I was in Colombia last week. As the price of oil hit its lower level in five years, the Colombian peso was reaching a five year bottom, Bogota’s real state prices were dropping, the economy was slowing, but most people in Bogota seemed to be thinking, real state can not get lower than this and the price for the US$ is simply speculation, so why should I pay more for it?
Few seemed to see what I saw, that the peso will keep devaluing as oil drops and that the twenty year boom in real state prices is over. But sometimes changes are hard to see if you are a local.
Which made me think about the impact of what is going on in both Venezuela and Colombia in the future. And it is simply very bleak…
Think about it, at a time that Colombia is having a hard time with its finances and the peso devaluing, more than one million Colombian/Venezuelans or Venezuelan/Colombians are thinking of going back to Colombia, as jobs are ever more scarce in that country. And the Santos administration is not even looking at the problem: What are these people going to do? Where will they work? Who will employ them?
Because Colombians are more concerned with other problems, like increasing taxes to cover the deficit, or the FARC negotiations. Meanwhile, the economy seems to be running away from them.
But, without being a doomsday predictor, imagine some likely scenarios: Oil keeps dropping, the deficit keeps widening in Colombia, which only exacerbates the problem. What happens at $ 30 per barrel, how about $20, and don’t even think about $10.
But that is precisely the scenario we should be thinking about. At US$ 30 per barrel, which technically seems to be quite feasible, things would get so bad in Venezuela, which not only it would drive many Colombians out of Venezuela, but may force the Government of Venezuela, current or future, to equilibrate prices. And in such an equilibrium, not only will there be another million of Colombians be driven out of Venezuela, but there will be the destruction of thousands of jobs for Colombians, currently involved in the arbitrage of prices between the two countries.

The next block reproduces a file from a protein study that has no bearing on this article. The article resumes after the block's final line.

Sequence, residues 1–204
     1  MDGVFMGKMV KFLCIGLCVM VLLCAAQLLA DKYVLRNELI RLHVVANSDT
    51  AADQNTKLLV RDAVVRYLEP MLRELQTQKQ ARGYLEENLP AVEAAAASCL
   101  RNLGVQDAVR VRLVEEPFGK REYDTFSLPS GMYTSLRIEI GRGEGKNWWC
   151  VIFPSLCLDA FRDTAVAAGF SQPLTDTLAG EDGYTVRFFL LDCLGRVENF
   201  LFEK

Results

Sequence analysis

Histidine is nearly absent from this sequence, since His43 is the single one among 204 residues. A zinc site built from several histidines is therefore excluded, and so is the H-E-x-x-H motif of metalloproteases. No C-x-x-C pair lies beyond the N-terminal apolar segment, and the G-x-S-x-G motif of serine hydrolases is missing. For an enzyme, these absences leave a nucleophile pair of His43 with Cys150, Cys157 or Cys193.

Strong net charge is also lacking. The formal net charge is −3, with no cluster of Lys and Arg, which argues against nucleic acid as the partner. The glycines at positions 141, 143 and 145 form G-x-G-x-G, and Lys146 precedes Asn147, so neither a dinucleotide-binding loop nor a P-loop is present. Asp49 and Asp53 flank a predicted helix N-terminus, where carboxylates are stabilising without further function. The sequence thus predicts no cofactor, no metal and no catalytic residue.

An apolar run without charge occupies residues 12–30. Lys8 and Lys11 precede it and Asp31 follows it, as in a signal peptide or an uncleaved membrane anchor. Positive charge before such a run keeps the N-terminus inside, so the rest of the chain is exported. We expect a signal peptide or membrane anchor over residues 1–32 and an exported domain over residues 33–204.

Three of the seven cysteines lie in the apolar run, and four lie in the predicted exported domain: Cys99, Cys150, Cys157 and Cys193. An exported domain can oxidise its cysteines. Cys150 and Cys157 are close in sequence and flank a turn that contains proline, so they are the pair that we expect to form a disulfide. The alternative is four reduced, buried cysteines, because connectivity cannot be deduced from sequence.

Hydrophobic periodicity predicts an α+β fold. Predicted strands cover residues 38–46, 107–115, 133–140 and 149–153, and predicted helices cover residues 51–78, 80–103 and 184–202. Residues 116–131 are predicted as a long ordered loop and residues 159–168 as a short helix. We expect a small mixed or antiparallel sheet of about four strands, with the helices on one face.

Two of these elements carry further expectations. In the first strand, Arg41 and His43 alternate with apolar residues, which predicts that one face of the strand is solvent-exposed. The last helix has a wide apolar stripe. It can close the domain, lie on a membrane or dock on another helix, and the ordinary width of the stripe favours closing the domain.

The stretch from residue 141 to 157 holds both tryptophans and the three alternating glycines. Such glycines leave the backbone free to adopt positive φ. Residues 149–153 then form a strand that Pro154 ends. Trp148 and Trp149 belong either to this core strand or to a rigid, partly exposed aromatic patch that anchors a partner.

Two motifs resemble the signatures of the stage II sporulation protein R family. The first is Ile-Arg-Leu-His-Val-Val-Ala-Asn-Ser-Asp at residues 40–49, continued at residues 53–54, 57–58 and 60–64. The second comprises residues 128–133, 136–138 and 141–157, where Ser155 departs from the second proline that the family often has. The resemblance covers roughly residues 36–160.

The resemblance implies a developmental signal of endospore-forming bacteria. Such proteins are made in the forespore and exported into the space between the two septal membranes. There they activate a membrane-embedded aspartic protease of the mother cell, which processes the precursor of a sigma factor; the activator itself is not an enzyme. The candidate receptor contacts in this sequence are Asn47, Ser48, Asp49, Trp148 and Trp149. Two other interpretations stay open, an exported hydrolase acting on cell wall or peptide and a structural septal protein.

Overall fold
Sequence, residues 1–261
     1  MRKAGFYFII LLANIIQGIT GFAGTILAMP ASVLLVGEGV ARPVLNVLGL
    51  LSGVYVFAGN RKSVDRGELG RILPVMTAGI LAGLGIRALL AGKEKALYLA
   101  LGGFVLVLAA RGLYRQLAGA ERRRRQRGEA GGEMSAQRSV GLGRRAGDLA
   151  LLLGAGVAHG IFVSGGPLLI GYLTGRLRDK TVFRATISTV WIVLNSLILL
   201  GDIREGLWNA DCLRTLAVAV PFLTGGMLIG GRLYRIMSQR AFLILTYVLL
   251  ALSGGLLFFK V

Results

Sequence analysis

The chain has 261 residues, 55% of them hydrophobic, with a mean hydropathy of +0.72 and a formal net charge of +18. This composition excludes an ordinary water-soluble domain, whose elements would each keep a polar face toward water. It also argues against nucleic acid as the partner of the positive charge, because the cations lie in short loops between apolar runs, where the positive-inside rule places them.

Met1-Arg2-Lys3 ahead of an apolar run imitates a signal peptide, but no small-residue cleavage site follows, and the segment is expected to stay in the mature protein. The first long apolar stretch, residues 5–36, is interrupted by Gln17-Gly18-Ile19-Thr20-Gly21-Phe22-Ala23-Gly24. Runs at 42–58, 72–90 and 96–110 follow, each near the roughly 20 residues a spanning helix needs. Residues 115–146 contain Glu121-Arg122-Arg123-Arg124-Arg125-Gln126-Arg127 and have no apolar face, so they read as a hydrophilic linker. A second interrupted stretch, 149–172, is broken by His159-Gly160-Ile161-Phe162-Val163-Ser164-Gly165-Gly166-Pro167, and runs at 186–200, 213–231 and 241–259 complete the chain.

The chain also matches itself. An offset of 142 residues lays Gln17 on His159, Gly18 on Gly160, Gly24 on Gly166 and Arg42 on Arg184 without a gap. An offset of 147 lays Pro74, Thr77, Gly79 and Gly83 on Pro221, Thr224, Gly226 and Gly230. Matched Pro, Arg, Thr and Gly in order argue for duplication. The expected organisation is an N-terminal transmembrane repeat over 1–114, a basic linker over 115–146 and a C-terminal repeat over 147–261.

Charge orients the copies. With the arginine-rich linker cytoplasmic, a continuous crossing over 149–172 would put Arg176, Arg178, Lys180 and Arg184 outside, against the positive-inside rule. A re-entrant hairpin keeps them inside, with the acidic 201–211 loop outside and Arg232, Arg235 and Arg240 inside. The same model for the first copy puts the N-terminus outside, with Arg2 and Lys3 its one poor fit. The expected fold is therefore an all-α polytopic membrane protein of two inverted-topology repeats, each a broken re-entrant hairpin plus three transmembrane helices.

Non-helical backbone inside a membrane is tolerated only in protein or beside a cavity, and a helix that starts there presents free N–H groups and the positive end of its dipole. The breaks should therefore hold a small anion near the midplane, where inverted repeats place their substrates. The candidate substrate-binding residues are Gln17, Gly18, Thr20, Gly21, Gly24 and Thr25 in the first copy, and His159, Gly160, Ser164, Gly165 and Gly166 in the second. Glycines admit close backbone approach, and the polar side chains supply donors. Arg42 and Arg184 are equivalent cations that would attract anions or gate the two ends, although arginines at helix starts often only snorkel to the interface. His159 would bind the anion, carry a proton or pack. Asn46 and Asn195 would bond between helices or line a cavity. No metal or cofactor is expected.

To begin, he elimination or reduction of the arbitrage will be a severe blow to the Colombian economy. Not only will 25% of the oil sold in Colombia (local estimates of what is extracted from Venezuela) go back up to international prices, but thousands of items from food, to medicines, to every day items will no longer be available at much lower prices. And even worse, those currently employed in Colombia in the bachaquero/arbitrage industries, will lose their jobs. Just like that…
And we are talking of thousands of jobs, as evidenced by a friend of mine who went to the Guajira region and found that after a certain point, “formal” gas stations disappear, as “bachaqueros” take over from them, selling gasoline in containers and sophisticated pumping systems at a 30%-40% discount to Colombian prices.
Which implies that the humanitarian crisis will not be exclusive to Venezuela, but a joint problem. A problem that makes Venezuela’s future closely linked to Colombia’s. We face a joint future, which politician’s seem to be ignoring. But if oil truly goes down to the low 30’s as many expect it, it is a joint future for the two countries.
And is not a pretty one.